Today’s companies use many log management methods, some better than others. But when it comes down to choosing for your business, you’ll likely end up deciding among four main categories of systems: DIY, outsourced, retail and a combination of those three. In just the past few years, the do-it-yourself technique has been dying a slow death as inexpensive retail products arrive on the market, and as computer systems continue to become more complex. In the end, the great majority of IT department heads turn to the retail shelf or hire someone else to do the entire chore for them.
Build Your Own
You can use an in-house team to build an entire logging management system from scratch. If that sounds difficult and risky, it is. You’ll need several team members who possess highly advanced IT skills, someone who knows how to explain the workings of the new system to other employees and endless patience. In fact, nowadays there are very few organizations, apart from sole proprietorships and tiny firms, that go this route. Even though it can seem like a prudent path for cash-strapped startups, it usually ends up costing more than expected.
Outsource the Job
Some of the world’s largest organizations, both for and not-for-profit, opt to outsource the entire log management headache. Of all the methods, this is the most expensive one because you’re essentially hiring someone else’s team to do what can amount to a ton of hard work. The main advantage of outsourcing is that you never have to worry about the task again. The rather major downside is that you need to spend a lot of time finding a provider you can trust and who has solid references. Fortunately, there are dozens of reliable outsource providers to choose from, so you might end up deciding on price alone.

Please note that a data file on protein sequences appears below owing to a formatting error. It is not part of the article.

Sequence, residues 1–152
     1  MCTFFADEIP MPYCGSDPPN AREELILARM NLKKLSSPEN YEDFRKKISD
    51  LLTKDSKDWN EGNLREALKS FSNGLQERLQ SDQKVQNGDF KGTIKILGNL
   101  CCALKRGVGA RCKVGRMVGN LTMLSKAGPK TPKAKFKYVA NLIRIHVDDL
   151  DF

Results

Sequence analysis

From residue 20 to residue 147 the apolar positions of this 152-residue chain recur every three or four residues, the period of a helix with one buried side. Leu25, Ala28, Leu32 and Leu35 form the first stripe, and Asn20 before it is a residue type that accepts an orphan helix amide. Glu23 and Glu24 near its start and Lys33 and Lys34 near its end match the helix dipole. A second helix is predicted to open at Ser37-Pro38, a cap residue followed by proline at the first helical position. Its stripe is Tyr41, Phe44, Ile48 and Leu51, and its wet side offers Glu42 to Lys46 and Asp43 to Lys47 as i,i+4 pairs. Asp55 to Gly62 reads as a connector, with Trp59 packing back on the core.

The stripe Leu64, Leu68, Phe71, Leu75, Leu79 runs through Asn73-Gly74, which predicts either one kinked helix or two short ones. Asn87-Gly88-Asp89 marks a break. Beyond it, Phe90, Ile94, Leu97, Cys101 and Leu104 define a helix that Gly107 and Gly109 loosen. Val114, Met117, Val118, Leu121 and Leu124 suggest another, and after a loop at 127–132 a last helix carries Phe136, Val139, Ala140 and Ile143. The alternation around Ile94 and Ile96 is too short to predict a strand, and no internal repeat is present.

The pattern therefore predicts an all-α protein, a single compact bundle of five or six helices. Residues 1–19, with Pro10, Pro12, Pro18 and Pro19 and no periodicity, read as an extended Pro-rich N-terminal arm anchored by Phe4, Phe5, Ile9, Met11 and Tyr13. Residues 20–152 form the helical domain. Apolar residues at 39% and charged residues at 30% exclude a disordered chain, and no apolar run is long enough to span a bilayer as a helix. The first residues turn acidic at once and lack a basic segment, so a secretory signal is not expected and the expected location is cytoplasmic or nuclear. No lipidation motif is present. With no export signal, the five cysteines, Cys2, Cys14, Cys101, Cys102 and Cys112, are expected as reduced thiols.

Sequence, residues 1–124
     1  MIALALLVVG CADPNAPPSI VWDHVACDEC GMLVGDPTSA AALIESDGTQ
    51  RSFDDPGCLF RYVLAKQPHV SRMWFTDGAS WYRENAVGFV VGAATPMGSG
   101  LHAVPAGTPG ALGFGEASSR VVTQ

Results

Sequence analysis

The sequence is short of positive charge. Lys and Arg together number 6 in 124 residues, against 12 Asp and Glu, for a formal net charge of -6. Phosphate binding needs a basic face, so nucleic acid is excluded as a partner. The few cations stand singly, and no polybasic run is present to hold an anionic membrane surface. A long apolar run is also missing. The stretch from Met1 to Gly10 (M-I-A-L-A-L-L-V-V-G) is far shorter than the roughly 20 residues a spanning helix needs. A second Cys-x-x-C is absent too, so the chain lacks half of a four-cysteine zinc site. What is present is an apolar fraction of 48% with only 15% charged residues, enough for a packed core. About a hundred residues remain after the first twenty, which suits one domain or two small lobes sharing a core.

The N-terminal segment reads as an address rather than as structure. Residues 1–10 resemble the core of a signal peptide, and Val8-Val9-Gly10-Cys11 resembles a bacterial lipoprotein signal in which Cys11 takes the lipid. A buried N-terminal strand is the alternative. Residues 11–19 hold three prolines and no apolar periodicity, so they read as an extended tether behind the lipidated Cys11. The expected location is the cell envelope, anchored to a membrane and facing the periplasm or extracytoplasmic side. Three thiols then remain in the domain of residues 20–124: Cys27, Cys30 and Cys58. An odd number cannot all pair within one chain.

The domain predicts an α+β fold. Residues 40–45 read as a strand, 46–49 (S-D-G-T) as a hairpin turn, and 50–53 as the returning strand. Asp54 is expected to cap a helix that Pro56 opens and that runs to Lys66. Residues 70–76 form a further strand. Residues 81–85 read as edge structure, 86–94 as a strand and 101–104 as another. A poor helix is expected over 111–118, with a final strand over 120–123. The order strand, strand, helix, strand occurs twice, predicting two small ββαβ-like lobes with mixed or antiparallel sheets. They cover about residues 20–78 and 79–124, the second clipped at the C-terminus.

Buy What You Need
When in doubt, buy what you need. Even though some of the top programs in this niche can be pricey, companies that can afford to get an out-of-the-box system have lots of choices. Most come complete with a network log analyzer tool that is both speedy and thorough, as well as all the other tools needed for collecting, reporting, storing and managing log data.
Use the DIY Until We Decide Technique
In the real world, many site administrators decide to use an eclectic strategy for the job. Smaller companies often use this technique with great success, so there must be something to it. In its usual iteration, managers who approve of the combo method let a small group of programmers work on an in-house “built it yourself” log management system. This usually entails free software and off-shore resources that cost nothing or very little to acquire. If the team comes up with a winning solution, and nothing else has worked satisfactorily, then it might suffice until a more permanent log management tool is found. But in the meantime, programmers continue to test retail products and outsourcing options, comparing them based on price, efficiency and practicality.